34NoA vaccine prompts an immune reaction which destroys viruses but does not itself ‘kill’ them.
35NoA virus infection may result in an increase in the population of white cells but this is not the primary function of a vaccine
36YesVaccines provoke an immune reaction in the body which results in the production of antibodies against viruses and bacteria
37NoThe body temperature may rise during an infection but this is not a function of the vaccine.
38Question 8If you have a wound contaminated by soil you may be given an anti-tetanus injection. The injection will contain anti-tetanus antibodies. This is an example of …(a) passive immunity(b) active immunity(c) artificial immunity(d) drug therapyQuestion 9
39YesIt is passive immuity because the antibodies have not been produced by your own body but from another organism, e.g. a genetically engineered bacterium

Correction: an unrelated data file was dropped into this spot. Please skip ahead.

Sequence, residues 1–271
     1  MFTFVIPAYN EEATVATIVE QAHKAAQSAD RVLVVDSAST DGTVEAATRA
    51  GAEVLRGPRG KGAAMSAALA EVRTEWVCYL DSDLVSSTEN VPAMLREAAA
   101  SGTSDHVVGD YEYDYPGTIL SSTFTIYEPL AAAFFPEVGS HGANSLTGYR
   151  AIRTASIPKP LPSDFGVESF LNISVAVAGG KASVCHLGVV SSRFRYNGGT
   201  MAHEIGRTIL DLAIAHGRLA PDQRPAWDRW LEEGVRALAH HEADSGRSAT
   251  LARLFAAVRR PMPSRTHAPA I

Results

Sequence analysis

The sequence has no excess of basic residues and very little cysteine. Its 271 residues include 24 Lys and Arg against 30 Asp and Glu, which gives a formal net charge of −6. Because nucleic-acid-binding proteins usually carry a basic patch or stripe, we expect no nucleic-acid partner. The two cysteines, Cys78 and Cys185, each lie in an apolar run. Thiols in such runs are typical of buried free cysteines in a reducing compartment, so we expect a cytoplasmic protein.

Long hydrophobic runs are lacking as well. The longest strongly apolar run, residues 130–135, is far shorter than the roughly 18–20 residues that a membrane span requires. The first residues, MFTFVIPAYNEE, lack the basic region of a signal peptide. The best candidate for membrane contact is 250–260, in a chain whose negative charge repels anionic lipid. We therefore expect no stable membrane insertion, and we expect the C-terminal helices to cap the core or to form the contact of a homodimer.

40NoActive immunity results from the production of antibodies by your own immune system
41NoArtificial immunity is produced by injecting the body with a harmless form of the infective agent or its products. The body produces antibodies to the antigens and is stimulated to do so when when the real infective agent enters the body
42NoDrug therapy is used in order to cure rather than to prevent a disease
43Question 9 Malaria is spread by … (a) exhaled droplets (b) houseflies (c) contact with an infected person(d) mosquitoesQuestion 10
44NoMany diseases are spread by droplet infection but not malaria
45NoHouseflies do spread diseases such as typhoid and cholera but they do so by contaminating food. They do not suck blood and so cannot transmit malaria